Beth-Anne Logan was just six weeks old when she was the subject of her first children’s hearing.
At 11, she went into residential care and at 13, she was put in secure care.
After struggling with her mental health as a child, her experience of a secure unit involved being restrained, isolated and searched.
She has used her difficult experience to make sure that is not the case for other vulnerable children entering the same system.
‘Good and bad’
“I was placed in secure care due to ongoing mental health problems I had since childhood.” she told BBC Scotland.
“I had made several attempts on my own life and it was deemed as the only place in Scotland that could keep me safe.”
Beth-Anne, from Airdrie, describes her experience as “a mixture of good and bad” and says that is normal for people in secure care.
She said: “One thing they did help me do was make sure I got my exams which I am eternally grateful for but there are certain bits of practice I have experienced that I wasn’t happy with and I didn’t feel was upholding my basic human rights. That is the reason I am speaking up.
“Improper use of restraint, improper use of isolation, searches – they all had a detrimental effect on my overall wellbeing.”
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Beth-Anne is championing new national standards for secure care. It’s the first time the Scottish government has set out what support children should expect from professionals when in the community or secure care.
The standards – The Secure Care Pathway and Standards Scotland – were fully co-produced by young people living in secure care and those with care experience and are written from the child’s perspective. This ensures young people’s voices are heard, their rights are adhered to and they are treated with respect.
The rules mean support is provided before, during and after care and that the rights of children and young people, facing extreme vulnerabilities and risks in their lives, are respected.
‘Deprived of liberty’
For Beth-Anne, this is the reason she got involved.
She said: “The experience is very scary. You are not sure of where you are or where you are going and how secure care operates.”
She believes the care system let her down on several occasions but says it has also supported her and empowered her to become the person she is today.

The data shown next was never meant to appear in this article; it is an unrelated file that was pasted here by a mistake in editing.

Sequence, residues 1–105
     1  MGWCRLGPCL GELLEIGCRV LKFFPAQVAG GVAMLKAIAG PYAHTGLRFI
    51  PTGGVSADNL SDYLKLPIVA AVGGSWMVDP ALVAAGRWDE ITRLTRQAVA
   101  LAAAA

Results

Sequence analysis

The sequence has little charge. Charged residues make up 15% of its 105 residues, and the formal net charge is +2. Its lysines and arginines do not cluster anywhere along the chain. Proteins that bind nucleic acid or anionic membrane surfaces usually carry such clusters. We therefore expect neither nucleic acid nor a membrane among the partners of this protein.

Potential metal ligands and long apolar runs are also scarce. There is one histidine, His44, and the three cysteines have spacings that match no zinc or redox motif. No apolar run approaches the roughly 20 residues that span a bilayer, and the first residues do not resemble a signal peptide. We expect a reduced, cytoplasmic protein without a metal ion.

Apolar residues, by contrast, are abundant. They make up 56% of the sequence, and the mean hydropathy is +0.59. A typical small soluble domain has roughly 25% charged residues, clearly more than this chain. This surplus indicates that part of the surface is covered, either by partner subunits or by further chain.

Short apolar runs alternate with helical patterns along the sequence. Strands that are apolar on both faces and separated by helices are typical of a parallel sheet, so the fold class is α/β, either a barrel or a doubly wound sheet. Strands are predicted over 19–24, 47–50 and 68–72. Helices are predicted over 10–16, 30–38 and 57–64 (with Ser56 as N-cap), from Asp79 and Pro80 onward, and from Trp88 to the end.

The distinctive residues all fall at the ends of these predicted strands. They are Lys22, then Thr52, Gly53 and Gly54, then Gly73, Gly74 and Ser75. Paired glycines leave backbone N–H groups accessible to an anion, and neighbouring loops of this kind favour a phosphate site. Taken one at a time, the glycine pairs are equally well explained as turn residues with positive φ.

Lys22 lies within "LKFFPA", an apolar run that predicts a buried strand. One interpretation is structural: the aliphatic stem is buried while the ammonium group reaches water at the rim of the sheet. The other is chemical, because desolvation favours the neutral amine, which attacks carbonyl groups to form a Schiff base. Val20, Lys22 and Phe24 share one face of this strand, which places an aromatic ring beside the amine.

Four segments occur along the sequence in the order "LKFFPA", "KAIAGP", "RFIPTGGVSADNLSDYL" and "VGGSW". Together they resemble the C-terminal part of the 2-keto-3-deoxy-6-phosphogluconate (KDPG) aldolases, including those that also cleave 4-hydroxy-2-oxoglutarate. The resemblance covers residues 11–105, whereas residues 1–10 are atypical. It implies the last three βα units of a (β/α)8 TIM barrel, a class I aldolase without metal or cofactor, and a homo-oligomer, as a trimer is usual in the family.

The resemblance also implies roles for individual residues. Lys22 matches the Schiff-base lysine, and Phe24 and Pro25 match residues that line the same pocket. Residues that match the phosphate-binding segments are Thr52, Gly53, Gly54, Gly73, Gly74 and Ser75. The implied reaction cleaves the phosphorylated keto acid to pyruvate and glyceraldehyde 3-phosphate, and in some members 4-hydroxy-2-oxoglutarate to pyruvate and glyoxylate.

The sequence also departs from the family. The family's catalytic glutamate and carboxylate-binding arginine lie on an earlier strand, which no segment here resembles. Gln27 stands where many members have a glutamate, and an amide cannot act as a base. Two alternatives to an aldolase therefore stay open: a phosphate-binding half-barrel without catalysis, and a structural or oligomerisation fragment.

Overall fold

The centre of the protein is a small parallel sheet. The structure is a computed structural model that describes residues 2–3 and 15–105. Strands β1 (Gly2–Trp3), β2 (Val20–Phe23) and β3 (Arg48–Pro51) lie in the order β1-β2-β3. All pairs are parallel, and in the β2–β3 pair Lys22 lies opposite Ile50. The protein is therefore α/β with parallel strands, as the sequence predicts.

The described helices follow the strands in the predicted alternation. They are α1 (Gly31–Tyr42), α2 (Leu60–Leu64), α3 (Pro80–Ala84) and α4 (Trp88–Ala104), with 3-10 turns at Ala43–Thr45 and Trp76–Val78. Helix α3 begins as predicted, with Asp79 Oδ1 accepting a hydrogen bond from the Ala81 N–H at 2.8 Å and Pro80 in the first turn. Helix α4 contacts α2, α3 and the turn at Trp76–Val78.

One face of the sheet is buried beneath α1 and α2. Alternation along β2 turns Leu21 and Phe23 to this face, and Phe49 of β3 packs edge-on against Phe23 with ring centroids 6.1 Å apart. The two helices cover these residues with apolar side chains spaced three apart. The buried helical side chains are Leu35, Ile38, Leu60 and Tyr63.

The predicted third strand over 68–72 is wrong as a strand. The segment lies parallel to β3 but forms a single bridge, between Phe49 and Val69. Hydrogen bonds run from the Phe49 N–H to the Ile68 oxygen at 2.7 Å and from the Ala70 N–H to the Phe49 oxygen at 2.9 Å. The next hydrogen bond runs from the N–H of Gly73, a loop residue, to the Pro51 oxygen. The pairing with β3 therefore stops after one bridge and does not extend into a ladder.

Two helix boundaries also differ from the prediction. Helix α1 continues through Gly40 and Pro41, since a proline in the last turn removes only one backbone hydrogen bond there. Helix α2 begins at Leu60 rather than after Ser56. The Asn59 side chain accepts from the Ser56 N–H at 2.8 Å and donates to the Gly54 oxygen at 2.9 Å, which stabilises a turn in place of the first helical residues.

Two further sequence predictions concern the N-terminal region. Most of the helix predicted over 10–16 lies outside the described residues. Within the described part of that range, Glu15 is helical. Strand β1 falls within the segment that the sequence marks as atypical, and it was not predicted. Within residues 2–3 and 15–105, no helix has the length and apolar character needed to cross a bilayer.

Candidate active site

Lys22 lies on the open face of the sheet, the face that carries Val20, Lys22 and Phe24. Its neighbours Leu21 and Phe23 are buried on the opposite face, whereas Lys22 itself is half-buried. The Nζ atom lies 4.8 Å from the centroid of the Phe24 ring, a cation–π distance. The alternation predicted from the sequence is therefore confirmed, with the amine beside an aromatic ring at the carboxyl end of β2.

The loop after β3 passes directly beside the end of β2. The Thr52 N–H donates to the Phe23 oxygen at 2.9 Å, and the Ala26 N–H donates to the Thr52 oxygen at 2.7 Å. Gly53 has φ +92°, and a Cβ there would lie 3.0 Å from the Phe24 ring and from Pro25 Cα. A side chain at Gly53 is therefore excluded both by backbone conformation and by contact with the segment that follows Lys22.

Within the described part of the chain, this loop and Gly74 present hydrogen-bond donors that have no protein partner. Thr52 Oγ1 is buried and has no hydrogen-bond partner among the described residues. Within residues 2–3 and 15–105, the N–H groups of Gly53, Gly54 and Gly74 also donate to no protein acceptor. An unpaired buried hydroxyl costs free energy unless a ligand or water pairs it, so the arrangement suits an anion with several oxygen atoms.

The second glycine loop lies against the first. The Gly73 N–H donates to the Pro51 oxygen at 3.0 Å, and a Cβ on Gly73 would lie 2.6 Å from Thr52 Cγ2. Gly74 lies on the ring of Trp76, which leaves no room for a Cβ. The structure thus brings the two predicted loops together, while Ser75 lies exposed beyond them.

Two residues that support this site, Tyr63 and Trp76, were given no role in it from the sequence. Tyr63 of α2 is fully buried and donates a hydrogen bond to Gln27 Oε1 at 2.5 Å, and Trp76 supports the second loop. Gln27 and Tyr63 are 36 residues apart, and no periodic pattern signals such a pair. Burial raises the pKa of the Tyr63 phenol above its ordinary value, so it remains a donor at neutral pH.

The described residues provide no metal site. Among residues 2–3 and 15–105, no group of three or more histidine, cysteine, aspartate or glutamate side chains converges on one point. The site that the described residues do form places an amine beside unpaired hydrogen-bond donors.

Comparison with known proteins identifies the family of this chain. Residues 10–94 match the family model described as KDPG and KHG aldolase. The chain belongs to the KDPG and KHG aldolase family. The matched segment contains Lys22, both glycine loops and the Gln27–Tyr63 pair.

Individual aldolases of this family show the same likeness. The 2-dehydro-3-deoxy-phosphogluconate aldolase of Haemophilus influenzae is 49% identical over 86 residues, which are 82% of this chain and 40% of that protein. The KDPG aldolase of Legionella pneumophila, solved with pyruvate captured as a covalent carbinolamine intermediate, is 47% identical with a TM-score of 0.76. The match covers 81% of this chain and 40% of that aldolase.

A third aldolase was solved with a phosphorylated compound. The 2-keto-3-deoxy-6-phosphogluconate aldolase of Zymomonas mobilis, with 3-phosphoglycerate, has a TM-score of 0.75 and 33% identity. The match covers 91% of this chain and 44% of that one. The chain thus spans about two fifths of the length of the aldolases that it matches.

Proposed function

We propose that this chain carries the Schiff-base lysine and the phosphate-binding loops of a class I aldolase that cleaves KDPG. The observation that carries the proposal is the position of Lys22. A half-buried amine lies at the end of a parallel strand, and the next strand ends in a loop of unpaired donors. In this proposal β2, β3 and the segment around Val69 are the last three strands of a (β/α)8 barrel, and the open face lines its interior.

“There are specific rights that need to be upheld. And things the custodians of the system can and should be doing,” she said.
“No child should grow up deprived of their liberty. No child should be locked in a cell at night. No child should be subject to personal search.”
Liam Slaven, from Falkirk, is also a product of the care system. He went into residential care when he was 14.
He said: “I was having trouble with school, just life really, and had made several attempts on my life. I was placed in a residential unit on voluntary order. The staff were not very supportive and they were inconsistent with their approaches. They criminalised my behaviour.”
Liam, who is now a member of the Scottish Youth Parliament, said this happened while he was crying out for help.
He said: “. While I was in that unit I racked up assault charges and I kept running away and I was finally placed in secure care. Secure is a very intense place to be. As a 14 or 15-year-old boy it is scary – it is one step down from young offenders.”
‘I am proud of me’
He believes his carers should have found the reasons why he was lashing out rather than putting him in a room by himself. That is why he helped the review.
He said: “I could see things happen to other people that I didn’t think was right and when I got out of secure care I strived to change things where I could and I got this opportunity to create new standards for secure care so I jumped at it.
“There’s a stigma about kids in the care system that we are bad kids but all we need is support, guidance and a bit of love.”
Beth Anne agreed: “On the whole, the system indeed has failed me in some aspects but it has also championed me, supported me and empowered me to become the person I am today and I can categorially say if I hadn’t entered the care system I wouldn’t be that person. And I am proud of me.”
Scottish Minister for Children and Young People Maree Todd told BBC Scotland: “Going into care is distressing. Some children will not be able to show their feelings or to talk about what they are going through. That is why it is important that we have systems in place that make transitions less traumatic.
“Above all our young people must feel safe, loved and cared for in a compassionate nurturing environment.”